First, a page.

Office of the Honourable Ralph Goodale, M.P., Opposition House Leader
Cabinet de l’honorable Ralph Goodale, député, Leader de l’opposition à la Chambre
Tel: 613-943-4995
Email: lauzoD@parl.gc.ca

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From an article by Pamela Roth in the Vancouver Sun of April 15, 2010.

Following a meeting Thursday morning between FNUniv President Shauneen Pete and Indian Affairs Minister Chuck Strahl, Goodale questioned the minister in the House of Commons about a long-term financial plan to extend funding for the school permanently beyond August.

Goodale said for the minister to even sit down and look at the sustainable business plan, along with details on time frames, structures and dollar figures, appears to be a step toward finding solutions, rather than just saying “no.”

“I’ve asked the question about the future of FNUniv five or six times. Most often, the answer coming back is quite flippant and dismissive. I detected a distinct shift in the government’s position — I think a shift for the better,” said Goodale.

“It isn’t over until it’s over, but this is certainly better that where it was a month or six weeks ago. What I am sensing from the government now is ‘let’s work on solutions rather than just walk away.’ ”

Read the full article in the Vancouver Sun.

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March 30, 2010

Dear Mr. Strahl and Mr. Harper:

I write on behalf of the Council of the Native American and Indigenous Studies Association, a scholarly organization with over 700 members from scores of countries and Indigenous nations, to express concern over what is happening to the faculty, staff, and students of the First Nations University of Canada. We are a governing council of Indigenous scholars from North America, Hawai’i, Aotearoa New Zealand, and Australia. We represent a membership that includes upwards of 200 Canadian citizens. We unanimously regard the planned closing of First Nations University, the only Aboriginal university in Canada, as a threat to Indigenous higher education everywhere.

The problems at First Nations University are real, of course, but so is the commitment of those dedicated to turning around this situation. Because we are convinced of the seriousness of that commitment, we support the Federation of Saskatchewan Indian Nations in its good faith initiation of the changes required to bring the governance structures at First Nations University into conformity with those of other Canadian universities. As you know, a working group with representation from all stakeholder groups is currently developing a revised funding and governance model for First Nations University. You are certainly also aware that the University of Regina has expressed its willingness to support First Nations University. We also want you to know that our association is willing to provide appropriate support, including help in identifying from among the dozens of program and department administrators and university officials in our membership those who might be of assistance.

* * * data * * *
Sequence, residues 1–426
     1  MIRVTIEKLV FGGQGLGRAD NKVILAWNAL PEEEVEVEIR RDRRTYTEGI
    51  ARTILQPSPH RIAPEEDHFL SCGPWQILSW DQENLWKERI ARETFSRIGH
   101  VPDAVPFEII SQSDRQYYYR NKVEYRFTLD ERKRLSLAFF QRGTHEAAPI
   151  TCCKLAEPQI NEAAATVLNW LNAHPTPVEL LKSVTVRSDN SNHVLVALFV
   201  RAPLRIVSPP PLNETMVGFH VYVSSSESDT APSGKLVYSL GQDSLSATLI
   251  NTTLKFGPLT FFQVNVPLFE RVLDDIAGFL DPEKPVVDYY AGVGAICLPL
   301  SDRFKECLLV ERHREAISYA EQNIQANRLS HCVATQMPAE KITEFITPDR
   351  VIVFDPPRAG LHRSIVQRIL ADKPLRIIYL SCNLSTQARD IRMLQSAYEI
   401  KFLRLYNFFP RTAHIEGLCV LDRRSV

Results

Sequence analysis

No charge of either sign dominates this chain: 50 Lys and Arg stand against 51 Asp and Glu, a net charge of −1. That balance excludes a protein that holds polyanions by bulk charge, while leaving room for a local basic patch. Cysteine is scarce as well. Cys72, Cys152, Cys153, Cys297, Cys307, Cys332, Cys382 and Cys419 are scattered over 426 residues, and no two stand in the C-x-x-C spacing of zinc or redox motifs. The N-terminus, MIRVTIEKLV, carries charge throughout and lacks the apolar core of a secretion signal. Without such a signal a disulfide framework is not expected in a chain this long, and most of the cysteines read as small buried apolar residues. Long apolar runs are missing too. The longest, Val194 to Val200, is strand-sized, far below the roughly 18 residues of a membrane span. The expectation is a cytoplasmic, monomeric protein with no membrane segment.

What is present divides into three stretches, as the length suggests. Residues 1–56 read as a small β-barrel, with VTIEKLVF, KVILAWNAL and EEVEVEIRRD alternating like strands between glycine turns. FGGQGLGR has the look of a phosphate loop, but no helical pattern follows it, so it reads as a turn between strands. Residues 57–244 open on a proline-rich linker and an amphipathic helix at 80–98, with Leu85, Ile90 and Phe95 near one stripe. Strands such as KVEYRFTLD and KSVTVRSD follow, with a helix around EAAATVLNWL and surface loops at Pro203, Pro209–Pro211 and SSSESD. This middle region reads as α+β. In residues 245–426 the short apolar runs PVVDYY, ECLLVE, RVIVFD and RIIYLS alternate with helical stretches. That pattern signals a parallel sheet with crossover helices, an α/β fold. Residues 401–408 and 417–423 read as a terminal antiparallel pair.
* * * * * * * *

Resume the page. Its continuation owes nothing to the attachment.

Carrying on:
We join concerned scholars and students around the world who are following the crisis at First Nations University. We hope that our letter and the many others you are receiving will convince you that your government’s current course of action will in the long run be detrimental to all Aboriginal people, to the province of Saskatchewan, and to Canada’s international reputation. A university represents some of the best hopes and highest ideals for a brighter Indigenous future. We ask that you recognize those hopes as you proceed.

We thus urge you, in the strongest terms, to support the continued operation of First Nations University.

Thank you for your attention to this matter. Please contact me at 217-418-8879 or rwarrior@illinois.edu if you would like to follow up directly.

Very truly yours,
Robert Warrior
President
Native American and Indigenous Studies Association
Professor of American Indian Studies, History, and English
Director, American Indian Studies
University of Illinois, Urbana-Champaign

C: Todd Russell; Rob Clarke; Jean Crowder; Randy Hoback; Ralph Goodale; Ed Komarnicki; Lillian Dyck; Tom Lukiwski; Rob Norris; Gerry Ritz; Brad Wall; Andrew Scheer; Cam Broten; Brad Trost; Kelly Block; Maurice Vellacott; Ray Boughen; Lynne Yelich; Garry Breitkreuz; Edward Doolittle; David Anderson; Maggie Walter

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From an article by Kerry Benjoe in the Leader-Post of March 27, 2010.

“We have language, business, (education), nursing, science and, with $7.2 million, we were already running under budget, so we need all the money flowing to this institution,” [said Cadmus Delorme, vice-president of communications for the FNUniv student association].

Delorme is calling on Strahl to hold true to his word, that the federal government would act only after the province did.

“It’s time for the federal government to follow suit,” he said.

Delorme said the students heard rumours that Strahl would be in Regina to attend the National Aboriginal Achievement Awards, held at the Conexus Arts Centre Friday evening.

In anticipation of that possible visit Delorme and the students created their own cheque made out to the FNUniv for $7.2 million.

“All we’re missing is his signature,” said Delorme.

Read the full article in the Leader-Post.